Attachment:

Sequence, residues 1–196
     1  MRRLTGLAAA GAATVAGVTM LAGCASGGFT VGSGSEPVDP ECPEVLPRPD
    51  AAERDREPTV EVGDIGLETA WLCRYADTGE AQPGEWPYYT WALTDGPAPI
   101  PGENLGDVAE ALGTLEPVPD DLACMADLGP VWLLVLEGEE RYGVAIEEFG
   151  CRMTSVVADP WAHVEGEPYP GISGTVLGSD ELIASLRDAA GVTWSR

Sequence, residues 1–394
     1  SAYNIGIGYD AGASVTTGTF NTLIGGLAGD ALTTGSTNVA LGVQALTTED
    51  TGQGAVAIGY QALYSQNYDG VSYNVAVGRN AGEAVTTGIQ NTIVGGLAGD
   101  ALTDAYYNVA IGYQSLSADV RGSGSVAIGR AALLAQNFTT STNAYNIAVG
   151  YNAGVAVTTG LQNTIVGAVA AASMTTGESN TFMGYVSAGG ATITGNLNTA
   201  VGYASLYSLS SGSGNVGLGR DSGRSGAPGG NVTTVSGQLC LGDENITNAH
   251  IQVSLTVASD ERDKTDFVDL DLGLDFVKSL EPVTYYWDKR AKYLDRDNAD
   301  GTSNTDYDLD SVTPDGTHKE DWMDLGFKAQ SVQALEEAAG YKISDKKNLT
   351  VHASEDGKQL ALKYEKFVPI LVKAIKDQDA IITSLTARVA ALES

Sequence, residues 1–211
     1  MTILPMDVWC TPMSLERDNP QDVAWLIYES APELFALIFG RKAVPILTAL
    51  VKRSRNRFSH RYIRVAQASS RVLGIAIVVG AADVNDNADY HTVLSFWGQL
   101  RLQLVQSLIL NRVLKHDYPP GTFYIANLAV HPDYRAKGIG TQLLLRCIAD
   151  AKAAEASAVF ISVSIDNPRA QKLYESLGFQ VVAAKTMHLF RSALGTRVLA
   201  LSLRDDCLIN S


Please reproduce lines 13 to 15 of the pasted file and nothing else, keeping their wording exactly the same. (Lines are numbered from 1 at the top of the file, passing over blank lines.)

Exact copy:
   301  GTSNTDYDLD SVTPDGTHKE DWMDLGFKAQ SVQALEEAAG YKISDKKNLT
   351  VHASEDGKQL ALKYEKFVPI LVKAIKDQDA IITSLTARVA ALES

Sequence, residues 1–211